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Fallacies of relevance

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Publié dans : Formation, Spirituel, Technologie
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Fallacies of relevance

  1. 1. Fallacies of Relevance All Fallacies of Relevance share the common problem of appealing to features that are irrelevant for the evaluation of a line of reasoning or evidence—they appeal to factors that do not speak to the truth of a position or the quality of evidence for it.
  2. 2. Personal Attack (Ad Hominem)  Literally: “against the man”  Replaces evaluation of ideas or evidence with a personal attack  Ad Hominem is not fallacious if it is relevant to evaluating a line of reasoning  Circumstantial: group-based version of the ad Hominem  Abusive Form  To Quoque
  3. 3. TYPES OF PERSONAL ATTACK “ AD HOMINEM” 1. Abusive Form- attacking the character or personality of the opponent. 2. Circumstantial - group-based version of the ad Hominem. 3. To Quoque- which means “you’re another”
  4. 4. Tu Quo (or Tu Quoque)  Literally: “You too”  Charge of hypocrisy
  5. 5. Appeal to Desire  Appeal to mass belief, mass sentiment or mass commitment  Watch for use of ‘we’ and ‘our’ to indicate possible as Populum fallacy
  6. 6. Appeal to Force “Ad Baculum” “to the stick”  Appeal to force or other coercion  Persuading others to accept a position by using threat or pressure instead of presenting evidence for one’s view.
  7. 7. Ad Misericordiam (Appeal to Pity)  Appeal to our emotions, especially sympathy or pity, to convince without argument.  Not all emotional appeals are fallacious– no fallacy if this is used to help us to recognize data or adopt another’s standpoint.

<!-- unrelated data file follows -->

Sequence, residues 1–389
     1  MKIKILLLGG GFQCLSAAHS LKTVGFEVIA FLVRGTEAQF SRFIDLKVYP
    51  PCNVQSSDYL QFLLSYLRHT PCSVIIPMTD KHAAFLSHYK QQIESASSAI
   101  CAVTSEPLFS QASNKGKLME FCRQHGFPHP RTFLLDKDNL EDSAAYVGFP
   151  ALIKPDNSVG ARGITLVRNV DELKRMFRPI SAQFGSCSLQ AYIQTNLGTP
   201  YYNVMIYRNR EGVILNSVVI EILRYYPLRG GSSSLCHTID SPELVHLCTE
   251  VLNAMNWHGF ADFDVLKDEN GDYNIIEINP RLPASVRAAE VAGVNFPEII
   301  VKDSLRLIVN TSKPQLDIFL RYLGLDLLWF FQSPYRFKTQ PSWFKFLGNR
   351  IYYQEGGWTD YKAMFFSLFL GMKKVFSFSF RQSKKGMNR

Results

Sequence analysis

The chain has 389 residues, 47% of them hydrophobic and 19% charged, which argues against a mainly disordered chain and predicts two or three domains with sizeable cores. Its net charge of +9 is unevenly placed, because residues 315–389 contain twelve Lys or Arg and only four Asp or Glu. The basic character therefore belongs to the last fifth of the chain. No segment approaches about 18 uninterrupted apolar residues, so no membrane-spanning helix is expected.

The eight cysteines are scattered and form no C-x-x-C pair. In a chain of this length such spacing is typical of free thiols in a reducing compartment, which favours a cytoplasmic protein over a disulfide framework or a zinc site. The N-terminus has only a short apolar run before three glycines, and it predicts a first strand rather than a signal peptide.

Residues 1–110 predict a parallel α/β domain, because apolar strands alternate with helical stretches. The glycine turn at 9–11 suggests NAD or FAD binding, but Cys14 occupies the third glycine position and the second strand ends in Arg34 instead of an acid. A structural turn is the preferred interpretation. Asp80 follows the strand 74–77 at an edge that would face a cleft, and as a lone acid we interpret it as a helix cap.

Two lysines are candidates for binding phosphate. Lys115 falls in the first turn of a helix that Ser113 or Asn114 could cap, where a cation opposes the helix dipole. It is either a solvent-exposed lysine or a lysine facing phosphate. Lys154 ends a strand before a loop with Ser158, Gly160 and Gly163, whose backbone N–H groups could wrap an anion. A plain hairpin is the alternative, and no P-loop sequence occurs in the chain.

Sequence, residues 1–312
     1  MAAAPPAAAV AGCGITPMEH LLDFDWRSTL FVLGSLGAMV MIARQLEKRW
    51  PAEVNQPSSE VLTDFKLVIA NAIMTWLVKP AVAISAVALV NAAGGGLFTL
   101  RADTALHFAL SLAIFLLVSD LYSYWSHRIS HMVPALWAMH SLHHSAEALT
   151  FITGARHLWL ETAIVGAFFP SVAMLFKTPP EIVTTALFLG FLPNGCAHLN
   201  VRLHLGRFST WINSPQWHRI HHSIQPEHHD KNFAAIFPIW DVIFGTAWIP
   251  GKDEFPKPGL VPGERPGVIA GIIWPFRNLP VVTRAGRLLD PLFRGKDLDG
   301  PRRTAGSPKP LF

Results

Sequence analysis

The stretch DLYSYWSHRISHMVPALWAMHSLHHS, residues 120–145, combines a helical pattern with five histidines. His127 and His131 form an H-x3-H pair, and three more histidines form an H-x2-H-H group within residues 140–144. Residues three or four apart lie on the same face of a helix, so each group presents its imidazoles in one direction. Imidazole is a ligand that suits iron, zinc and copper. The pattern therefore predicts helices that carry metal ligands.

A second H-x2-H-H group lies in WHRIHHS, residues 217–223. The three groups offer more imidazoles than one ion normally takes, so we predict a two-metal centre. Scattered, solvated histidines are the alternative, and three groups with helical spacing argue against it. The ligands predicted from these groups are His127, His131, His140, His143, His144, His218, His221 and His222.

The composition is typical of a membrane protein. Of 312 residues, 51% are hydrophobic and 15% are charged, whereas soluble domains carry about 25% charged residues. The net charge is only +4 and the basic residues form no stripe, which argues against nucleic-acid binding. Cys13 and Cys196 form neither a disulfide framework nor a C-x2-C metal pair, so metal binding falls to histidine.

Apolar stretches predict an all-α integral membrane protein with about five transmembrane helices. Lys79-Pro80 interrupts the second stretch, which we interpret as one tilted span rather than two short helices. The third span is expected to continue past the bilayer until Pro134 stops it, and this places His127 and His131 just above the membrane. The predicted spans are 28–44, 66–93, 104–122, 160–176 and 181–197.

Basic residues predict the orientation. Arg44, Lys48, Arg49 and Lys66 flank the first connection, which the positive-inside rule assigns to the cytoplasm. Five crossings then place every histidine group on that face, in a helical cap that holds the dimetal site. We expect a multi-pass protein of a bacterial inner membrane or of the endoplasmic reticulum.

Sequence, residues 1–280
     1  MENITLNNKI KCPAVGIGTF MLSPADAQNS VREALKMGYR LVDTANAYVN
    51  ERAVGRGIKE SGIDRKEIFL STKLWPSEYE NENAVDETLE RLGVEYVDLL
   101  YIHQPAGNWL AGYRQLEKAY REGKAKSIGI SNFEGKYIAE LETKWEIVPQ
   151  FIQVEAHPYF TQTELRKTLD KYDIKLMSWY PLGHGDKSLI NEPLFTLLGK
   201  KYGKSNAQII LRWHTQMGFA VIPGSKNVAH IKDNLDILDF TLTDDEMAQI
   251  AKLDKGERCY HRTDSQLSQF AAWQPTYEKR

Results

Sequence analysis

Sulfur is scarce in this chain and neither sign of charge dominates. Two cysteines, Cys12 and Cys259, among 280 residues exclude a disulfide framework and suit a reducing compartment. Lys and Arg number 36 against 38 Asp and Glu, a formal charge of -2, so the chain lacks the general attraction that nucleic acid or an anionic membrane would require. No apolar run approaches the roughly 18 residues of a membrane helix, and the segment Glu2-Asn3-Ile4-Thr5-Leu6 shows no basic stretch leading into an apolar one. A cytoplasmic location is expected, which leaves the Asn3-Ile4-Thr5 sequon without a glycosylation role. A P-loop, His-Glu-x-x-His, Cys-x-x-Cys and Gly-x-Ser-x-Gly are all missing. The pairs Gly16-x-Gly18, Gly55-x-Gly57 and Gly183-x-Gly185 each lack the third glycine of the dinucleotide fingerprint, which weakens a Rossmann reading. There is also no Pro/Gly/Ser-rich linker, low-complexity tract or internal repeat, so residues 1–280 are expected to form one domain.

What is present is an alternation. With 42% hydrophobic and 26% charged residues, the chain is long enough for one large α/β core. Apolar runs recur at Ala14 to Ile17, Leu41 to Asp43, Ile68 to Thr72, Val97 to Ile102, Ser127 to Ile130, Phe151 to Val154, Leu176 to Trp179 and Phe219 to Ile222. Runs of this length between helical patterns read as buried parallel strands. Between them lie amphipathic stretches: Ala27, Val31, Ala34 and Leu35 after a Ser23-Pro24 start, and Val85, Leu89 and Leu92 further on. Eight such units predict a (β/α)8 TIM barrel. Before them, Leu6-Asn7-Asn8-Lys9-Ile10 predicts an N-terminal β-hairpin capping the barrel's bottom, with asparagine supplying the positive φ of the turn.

8. 8. Begging the Question “Petitio Principii” “ Circularity”  Circular reasoning assumes what it is out to prove; the evidence already assumes the truth of the conclusion  Circular arguments may be deductively valid (and sound!), but are still fallacious
  9. 9. Straw Man  Deliberate misrepresentation of an opposing viewpoint; distorts or caricatures for ease of refutation  Look for attributions of extreme views: this is a red flag for a Straw Man  Look for attributions of absurd views: this is a red flag for a Straw Man  Different from a Reductio argument
  10. 10. Slippery Slope  Predictive story without supporting evidence, or where the only evidence is “common sense”  Connections in the story are assumed, not demonstrated  Can be progressive (if we just do X, all these great things will happen!) or gloom-and-doom (of we do X, the sky will fall!)  Related to Golden Age Fallacy (things were so much better in the past) and Utopian Fallacy (things are so much better than they once were)
  11. 11. Slippery Slope continued  Predictive stories are never more certain than their first step  This is because with each additional step in the story that isn’t CERTAIN, the likelihood that the whole story is true DECREASES  The irony: the features that make a slippery slope a good story undermine the likelihood of the story’s truth